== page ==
GRAND FINALE: Thousands of residents watching the bonfire to top off the night.
GRAND FINALE: Thousands of residents watching the bonfire to top off the night.

Warming hearts on cold night: scenes from the Lantern Parade

IT WAS one of the coldest nights of the year, but that didn't stop a huge turnout for Saturday night's 21st annual Lismore Lantern Parade.

Under a starry, cloudless night with a bright crescent moon adding to the Winter Solstice vibe, a building crowd of rugged-up parade-goers hummed with anticipation before the fierce drumming of the Lismore Pipe Band signalled the arrival of the parade's vanguard lantern, the famous Unicorn.

HEADLINE ACT: A centrepiece of the light show display.
HEADLINE ACT: A centrepiece of the light show display. Nolan Verheij-Full

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What followed was a magical hour-long display of colour and light, perhaps even more so for little ones under a metre tall, who gazed upwards, entranced by the myriad variety of lanterns.

The much-loved event saw three-metre deep crowds of all ages lining the Lismore Central Business District in some spots with Mayor Jenny Dowell remarking they were the biggest street crowds seen in the parade's history.

And the big crowds lining the parade route were more than matched by a record 2500-strong procession of locals marching in the parade itself.

Music arguably played a bigger role in this year's parade than ever before.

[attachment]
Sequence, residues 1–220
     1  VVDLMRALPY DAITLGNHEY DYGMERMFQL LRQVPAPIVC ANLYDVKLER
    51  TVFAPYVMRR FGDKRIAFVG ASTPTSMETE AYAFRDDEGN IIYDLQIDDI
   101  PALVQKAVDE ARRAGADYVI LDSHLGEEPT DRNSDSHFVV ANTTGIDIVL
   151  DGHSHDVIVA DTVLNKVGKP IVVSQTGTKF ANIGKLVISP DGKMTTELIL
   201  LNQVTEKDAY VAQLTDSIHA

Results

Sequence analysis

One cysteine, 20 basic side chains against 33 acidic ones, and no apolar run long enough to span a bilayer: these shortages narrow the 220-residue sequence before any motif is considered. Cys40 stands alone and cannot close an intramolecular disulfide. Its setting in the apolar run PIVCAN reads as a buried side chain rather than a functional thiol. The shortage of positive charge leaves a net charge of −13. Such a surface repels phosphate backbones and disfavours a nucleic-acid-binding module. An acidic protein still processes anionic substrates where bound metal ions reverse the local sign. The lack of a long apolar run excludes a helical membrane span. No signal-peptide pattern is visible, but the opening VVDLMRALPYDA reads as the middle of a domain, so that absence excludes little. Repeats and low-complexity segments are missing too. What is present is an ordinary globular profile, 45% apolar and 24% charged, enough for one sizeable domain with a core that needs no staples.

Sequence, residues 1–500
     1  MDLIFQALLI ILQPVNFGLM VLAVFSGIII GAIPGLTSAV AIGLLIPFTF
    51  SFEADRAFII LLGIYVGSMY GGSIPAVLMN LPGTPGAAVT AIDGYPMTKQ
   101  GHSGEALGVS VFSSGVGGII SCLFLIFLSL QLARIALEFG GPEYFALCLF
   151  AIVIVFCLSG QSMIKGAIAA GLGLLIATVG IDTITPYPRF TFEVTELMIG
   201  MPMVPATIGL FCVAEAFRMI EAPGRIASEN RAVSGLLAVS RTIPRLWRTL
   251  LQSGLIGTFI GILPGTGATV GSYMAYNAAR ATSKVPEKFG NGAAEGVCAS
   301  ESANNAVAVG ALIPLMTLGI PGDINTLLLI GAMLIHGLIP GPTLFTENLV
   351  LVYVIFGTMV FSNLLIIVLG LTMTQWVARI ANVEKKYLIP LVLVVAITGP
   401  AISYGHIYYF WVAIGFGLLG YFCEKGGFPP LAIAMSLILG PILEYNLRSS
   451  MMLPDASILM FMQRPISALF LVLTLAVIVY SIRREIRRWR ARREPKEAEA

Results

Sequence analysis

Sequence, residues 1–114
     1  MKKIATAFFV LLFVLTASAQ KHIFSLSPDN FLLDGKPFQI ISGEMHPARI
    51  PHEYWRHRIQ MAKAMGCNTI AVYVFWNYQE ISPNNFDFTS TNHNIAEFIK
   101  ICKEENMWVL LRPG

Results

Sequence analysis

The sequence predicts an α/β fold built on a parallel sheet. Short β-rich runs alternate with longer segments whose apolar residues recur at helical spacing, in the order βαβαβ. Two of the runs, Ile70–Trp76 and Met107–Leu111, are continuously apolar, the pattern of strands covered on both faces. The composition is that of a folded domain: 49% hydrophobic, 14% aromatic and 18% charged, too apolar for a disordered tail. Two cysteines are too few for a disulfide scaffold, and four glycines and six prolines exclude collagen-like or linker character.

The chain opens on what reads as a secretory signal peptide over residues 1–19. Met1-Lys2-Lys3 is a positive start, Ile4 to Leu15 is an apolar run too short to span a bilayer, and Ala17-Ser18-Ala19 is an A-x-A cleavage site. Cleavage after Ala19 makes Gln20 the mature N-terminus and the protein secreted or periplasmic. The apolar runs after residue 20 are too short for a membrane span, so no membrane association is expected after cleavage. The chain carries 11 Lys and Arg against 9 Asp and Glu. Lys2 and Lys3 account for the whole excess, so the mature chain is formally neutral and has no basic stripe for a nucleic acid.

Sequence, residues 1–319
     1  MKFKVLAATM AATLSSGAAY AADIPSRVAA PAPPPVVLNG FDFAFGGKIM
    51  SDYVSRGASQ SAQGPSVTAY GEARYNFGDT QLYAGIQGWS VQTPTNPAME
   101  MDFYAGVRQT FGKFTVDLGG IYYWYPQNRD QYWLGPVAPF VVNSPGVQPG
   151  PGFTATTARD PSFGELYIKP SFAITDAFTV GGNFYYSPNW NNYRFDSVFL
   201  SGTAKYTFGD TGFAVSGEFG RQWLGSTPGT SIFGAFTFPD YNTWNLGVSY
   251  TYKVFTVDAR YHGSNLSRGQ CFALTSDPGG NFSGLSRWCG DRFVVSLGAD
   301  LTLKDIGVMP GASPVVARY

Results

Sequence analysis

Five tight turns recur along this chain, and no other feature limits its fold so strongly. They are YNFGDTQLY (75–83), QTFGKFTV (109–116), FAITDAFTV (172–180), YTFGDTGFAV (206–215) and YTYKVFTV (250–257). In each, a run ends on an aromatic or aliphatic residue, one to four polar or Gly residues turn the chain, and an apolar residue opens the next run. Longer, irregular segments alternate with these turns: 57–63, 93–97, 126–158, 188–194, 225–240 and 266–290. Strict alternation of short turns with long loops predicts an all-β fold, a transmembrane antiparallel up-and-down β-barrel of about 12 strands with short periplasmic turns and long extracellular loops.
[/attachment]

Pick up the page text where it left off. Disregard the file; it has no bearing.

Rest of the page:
With plenty of musical groups smattered throughout the procession there was never any shortage of drums and melodies to provide a soundtrack the festive affair.

The other classic element of the festival was the community involvement, with organisations and community groups from across the spectrum weaving the city's cultural fabric ever closer.

In what has evolved into a grand two-act affair, the Lantern Parade then congregated at Lismore's Oakes Oval for what was the biggest fiery finale show in the event's history.

Cr Dowell introduced the finale by urging people to tolerate "wet bottoms" for an hour to allow everyone to see, dancing, fireworks, flame-twirling and exotic music combined in a grand display, culminating in the lighting of the central pyre.

Lismore Lantern Parade artistic director Jyllie Jackson said it was another successful year for a much-loved festival that has solidified its place in the heart of the city of Lismore.

 

 

 

 

 

 

 



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